Results of Table 2: Given that total sensory processing mean of schizophrenia patient is 37 and multiple sclerosis is 37.40 and Alzheimer is 48.80 (maximum in three groups).

Results of Table 3: shows that for example low registration variable mean of schizophrenia is 9.20 and multiple sclerosis is 8.20 and Alzheimer’s disease is

Table 1. Descriptive information about semantic differentiation in the three examined groups.

Table 2. Descriptive information about sensory processing in the three examined groups.

Table 3. Descriptive information about the components of sensory processing in the three examined groups.

10.87 and so on.

Results of Table 4: Given that significance level of p = 0.47 > 0.05, variances are equal.

The result of Table 5: In firstrow, given that significant level equal to p = 0.001 < 0.01, so there is a significant difference between the groups in sensory processing.

Table 4. Levin test for sensory processing.

Table 5. Results of the multivariate analysis of sensory processing.

In second row, given that significant level equal to p = 0.341 > 0.05, so there isn’t a significant difference between the groups in semantic differentiation.

5. Discussion and Conclusions

Average sensory processing and average semantic differentiation are different in three groups of patients with schizophrenia, multiple sclerosis and patients with Alzheimer. An obvious conclusion is that the sensory processing in patients with multiple sclerosis and Alzheimer’s is better than the group with schizophrenia. This issue is consistent with the inhibition reaction by patients with schi-zoph- renia that cited by [5] in literature. Totally patients with Alzheimer’s disease had significantly better performance in sensory processing. Patients with schizophrenia had lower performance than the other two groups. The semantic differentiation in patients with multiple sclerosis and Alzheimer’s is better than the group with schizophrenia. This issue is consistent with the studies of [10] [12] [13] in literature. Totally patients with Alzheimer’s disease had better performance in semantic differentiation. Patients with schizophrenia had lower performance than the other two groups.

One of the major limitations in sample size is illiterate or low literacy people which make it difficult to gather information and need to give sufficient information and required training to individuals to fill the questionnaires which are time consuming. In the present study variables such as gender, marital status, education, and the severity and duration of illness are not included.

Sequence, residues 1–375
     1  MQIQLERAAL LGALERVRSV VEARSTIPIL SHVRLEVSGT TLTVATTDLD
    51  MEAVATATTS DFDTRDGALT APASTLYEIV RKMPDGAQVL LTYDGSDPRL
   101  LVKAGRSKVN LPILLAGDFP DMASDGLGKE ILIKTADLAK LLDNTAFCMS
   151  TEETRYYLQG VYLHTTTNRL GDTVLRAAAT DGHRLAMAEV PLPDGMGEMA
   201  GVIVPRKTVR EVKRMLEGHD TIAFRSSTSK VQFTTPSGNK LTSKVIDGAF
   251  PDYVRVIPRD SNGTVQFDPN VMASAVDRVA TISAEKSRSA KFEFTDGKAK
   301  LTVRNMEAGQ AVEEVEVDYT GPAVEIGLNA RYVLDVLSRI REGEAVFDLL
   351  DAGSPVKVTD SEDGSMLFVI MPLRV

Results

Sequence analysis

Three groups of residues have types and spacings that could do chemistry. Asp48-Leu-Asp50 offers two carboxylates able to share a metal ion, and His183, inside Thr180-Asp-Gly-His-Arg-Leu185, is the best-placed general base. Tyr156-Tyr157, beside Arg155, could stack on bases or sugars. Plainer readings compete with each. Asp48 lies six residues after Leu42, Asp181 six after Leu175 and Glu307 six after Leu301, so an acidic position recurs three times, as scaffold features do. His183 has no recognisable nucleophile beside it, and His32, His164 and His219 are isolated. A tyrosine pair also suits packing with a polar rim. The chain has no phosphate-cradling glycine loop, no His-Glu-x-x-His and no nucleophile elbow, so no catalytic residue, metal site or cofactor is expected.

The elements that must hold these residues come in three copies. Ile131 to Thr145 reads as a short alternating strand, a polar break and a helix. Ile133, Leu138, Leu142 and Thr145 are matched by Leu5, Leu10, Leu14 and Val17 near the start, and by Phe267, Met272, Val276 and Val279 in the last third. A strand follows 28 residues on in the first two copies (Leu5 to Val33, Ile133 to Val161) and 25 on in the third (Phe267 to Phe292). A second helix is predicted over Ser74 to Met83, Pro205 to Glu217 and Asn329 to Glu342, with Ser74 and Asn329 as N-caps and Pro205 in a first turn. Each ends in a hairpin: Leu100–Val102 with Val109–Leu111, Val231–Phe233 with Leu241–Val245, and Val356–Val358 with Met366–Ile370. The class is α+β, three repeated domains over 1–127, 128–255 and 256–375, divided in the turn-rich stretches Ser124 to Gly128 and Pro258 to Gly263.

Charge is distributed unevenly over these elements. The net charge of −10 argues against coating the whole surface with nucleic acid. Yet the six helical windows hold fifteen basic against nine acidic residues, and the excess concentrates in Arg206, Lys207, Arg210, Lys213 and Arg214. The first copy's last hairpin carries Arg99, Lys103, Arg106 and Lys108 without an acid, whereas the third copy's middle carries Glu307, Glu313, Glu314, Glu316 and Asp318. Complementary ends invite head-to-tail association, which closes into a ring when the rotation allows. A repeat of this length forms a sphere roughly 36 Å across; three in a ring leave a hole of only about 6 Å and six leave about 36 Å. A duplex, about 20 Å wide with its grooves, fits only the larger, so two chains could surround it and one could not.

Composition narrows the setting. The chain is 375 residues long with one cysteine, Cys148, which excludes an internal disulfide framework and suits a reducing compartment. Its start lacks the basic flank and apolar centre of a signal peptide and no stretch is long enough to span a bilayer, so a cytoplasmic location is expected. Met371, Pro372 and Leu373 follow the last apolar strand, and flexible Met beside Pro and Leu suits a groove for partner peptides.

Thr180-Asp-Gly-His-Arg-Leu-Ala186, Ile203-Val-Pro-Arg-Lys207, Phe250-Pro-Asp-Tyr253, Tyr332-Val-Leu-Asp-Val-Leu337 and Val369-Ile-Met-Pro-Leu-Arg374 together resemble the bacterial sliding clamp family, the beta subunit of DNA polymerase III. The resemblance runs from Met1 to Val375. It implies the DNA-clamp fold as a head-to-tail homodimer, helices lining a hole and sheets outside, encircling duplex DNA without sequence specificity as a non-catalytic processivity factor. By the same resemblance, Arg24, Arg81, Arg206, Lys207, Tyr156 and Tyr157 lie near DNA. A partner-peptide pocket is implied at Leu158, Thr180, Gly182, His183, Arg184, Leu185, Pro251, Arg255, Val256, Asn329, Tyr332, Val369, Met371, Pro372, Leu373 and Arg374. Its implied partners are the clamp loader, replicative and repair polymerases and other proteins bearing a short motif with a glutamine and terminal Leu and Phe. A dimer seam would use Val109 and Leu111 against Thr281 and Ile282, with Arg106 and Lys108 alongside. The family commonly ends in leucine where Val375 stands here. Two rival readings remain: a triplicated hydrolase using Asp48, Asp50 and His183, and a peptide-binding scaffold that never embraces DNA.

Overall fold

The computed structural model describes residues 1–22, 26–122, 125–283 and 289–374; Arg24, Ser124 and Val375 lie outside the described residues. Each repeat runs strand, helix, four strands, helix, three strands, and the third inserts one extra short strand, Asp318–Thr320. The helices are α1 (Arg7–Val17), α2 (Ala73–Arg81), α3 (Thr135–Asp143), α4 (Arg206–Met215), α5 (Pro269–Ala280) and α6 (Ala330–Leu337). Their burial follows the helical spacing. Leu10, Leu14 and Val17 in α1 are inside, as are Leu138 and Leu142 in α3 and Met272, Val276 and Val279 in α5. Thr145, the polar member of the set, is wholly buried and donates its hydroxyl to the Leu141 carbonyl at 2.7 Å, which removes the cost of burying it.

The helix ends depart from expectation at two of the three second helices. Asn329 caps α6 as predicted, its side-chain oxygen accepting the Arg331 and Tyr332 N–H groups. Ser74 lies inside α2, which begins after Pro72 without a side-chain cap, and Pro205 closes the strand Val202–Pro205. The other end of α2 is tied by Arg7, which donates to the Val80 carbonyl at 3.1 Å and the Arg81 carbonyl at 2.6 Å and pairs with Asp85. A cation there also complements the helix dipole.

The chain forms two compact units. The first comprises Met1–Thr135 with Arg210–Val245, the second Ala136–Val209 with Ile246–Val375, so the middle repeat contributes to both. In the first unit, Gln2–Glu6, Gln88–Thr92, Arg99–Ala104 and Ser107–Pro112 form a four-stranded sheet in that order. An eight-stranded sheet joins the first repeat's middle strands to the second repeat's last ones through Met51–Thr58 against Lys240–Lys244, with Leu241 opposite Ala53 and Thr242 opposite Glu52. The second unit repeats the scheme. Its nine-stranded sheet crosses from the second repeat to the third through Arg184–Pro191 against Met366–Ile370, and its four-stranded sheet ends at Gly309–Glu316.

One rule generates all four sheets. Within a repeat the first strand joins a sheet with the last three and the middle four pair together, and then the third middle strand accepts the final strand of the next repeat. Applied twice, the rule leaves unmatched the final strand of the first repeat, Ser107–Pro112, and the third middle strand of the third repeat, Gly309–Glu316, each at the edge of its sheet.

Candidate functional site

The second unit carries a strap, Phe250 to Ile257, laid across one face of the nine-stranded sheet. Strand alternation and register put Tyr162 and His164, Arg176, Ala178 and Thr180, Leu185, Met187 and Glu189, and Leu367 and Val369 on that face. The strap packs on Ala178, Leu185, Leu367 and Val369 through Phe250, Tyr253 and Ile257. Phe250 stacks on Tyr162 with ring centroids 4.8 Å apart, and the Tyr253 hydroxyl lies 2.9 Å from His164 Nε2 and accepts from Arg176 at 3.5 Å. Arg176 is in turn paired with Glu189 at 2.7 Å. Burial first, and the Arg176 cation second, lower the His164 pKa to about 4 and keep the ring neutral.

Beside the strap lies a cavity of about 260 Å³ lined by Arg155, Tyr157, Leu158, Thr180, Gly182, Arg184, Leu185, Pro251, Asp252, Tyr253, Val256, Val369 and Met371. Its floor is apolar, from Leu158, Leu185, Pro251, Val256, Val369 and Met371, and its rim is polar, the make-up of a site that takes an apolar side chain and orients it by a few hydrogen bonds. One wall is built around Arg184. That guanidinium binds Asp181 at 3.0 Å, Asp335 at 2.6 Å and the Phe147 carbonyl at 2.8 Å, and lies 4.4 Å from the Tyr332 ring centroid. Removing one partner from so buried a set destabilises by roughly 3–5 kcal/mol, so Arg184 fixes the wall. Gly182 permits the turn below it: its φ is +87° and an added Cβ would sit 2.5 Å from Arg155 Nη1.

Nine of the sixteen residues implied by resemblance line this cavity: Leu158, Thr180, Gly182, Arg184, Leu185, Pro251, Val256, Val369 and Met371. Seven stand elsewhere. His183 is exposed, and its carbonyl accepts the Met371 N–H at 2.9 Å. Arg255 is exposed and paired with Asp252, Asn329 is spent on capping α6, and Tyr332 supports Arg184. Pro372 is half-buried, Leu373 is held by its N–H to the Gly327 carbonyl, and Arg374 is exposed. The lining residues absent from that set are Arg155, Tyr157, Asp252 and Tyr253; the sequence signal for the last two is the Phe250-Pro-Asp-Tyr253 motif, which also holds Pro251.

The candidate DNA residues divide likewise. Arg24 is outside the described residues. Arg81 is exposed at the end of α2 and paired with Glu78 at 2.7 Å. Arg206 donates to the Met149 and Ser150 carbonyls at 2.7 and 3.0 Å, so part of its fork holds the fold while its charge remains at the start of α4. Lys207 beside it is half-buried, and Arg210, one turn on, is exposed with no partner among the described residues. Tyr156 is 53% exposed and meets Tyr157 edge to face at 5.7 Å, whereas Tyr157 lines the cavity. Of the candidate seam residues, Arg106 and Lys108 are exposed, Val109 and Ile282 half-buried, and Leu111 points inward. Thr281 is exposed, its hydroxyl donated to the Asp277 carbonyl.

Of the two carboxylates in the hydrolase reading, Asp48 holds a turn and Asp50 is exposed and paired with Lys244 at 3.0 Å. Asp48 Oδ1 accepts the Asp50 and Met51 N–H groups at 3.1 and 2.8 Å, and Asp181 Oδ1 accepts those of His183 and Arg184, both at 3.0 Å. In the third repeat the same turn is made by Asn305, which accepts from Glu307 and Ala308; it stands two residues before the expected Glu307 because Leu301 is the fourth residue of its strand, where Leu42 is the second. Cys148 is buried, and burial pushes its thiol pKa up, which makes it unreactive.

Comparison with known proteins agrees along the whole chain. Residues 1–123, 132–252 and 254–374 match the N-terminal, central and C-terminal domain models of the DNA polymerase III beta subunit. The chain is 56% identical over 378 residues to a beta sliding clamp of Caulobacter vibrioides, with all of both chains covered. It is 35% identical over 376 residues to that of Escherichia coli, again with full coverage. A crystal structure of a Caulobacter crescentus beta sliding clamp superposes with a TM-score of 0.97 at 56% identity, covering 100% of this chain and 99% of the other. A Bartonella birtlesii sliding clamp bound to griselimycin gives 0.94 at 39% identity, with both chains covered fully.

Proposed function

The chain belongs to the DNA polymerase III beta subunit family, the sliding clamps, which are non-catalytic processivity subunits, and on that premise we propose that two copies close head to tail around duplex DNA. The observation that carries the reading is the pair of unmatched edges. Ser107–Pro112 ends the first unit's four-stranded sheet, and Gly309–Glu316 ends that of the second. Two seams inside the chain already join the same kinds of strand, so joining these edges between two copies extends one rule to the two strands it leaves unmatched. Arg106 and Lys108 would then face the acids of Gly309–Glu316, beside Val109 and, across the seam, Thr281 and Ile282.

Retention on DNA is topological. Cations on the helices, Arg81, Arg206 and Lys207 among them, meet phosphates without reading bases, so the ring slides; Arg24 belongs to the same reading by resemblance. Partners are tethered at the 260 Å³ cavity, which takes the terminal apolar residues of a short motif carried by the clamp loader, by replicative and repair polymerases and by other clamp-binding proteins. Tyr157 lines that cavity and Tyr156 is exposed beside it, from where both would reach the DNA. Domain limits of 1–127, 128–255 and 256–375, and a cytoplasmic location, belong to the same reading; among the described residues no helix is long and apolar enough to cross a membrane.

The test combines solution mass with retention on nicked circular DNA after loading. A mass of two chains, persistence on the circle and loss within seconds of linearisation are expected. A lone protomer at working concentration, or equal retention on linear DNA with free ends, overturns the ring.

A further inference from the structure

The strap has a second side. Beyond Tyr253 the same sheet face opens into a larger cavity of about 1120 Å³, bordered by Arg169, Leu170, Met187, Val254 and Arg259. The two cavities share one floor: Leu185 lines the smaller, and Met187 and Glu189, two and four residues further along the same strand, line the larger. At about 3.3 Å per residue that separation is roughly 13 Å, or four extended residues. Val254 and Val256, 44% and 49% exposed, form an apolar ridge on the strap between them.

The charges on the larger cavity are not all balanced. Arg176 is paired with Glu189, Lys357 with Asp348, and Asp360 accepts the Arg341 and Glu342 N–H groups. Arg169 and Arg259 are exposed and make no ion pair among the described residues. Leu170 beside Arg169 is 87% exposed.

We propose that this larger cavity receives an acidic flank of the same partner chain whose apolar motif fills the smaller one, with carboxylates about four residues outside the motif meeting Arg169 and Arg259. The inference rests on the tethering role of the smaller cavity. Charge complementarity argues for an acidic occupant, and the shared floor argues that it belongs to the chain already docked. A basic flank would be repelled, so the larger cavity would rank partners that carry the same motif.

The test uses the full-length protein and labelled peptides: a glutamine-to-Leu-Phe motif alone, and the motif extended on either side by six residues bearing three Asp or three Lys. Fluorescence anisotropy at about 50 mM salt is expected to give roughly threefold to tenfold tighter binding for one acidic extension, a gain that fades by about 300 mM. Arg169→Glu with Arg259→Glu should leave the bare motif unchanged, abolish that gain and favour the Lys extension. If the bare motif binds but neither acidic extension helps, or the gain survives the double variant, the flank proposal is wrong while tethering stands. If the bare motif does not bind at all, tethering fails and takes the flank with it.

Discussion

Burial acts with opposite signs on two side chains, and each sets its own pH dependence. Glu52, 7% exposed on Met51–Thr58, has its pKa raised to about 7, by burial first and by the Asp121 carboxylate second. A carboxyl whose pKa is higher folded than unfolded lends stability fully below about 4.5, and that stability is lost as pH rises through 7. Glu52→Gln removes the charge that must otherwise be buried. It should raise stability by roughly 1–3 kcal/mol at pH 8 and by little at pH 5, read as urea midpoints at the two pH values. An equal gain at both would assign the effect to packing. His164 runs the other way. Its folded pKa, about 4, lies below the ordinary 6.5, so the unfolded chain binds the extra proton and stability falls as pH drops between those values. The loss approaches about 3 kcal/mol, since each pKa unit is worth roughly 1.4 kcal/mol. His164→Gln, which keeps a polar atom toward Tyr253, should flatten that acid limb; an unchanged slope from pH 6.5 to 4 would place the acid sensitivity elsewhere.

Given that sensory processing in patients with Alzheimer was better than the other tow groups, therefore, it is better to use of sensory processing and its enhancement to treatment and rehabilitation of these people, it means that must be used of sensory processing to compensate other memories.

Because sensory processing isn’t in a desirable condition in patients with schizophrenia and multiple sclerosis (MS), so it is necessary that the people who are at high risk of developing the disease or the initial stages of the disease, must be acted to improve their sensory processing.

Given that semantic differentiation in patients with Alzheimer was better than the other tow groups, therefore, it is better to use of semantic differentiation and its enhancement to treatment and rehabilitation of these people, it means that must be used of semantic differentiation to compensate other memories.

Because semantic differentiation isn’t in a desirable condition in patients with schizophrenia, so it is necessary that the people who are at high risk of developing the disease or the initial stages of the disease, must be acted to improve their semantic differentiation.

Conflicts of Interest

The authors declare no conflicts of interest.

Cite this paper

Asadi Bijaeyeh, J. , Ghamari Givi, H. and Sheykholeslami, A. (2017) Comparison of Sensory Processing and Semantic Differentiation in Peoples with Schizophrenia, Multiple Sclerosis and Alzheimer’s Disease. International Journal of Clinical Medicine, 8, 257-264. doi: 10.4236/ijcm.2017.84025.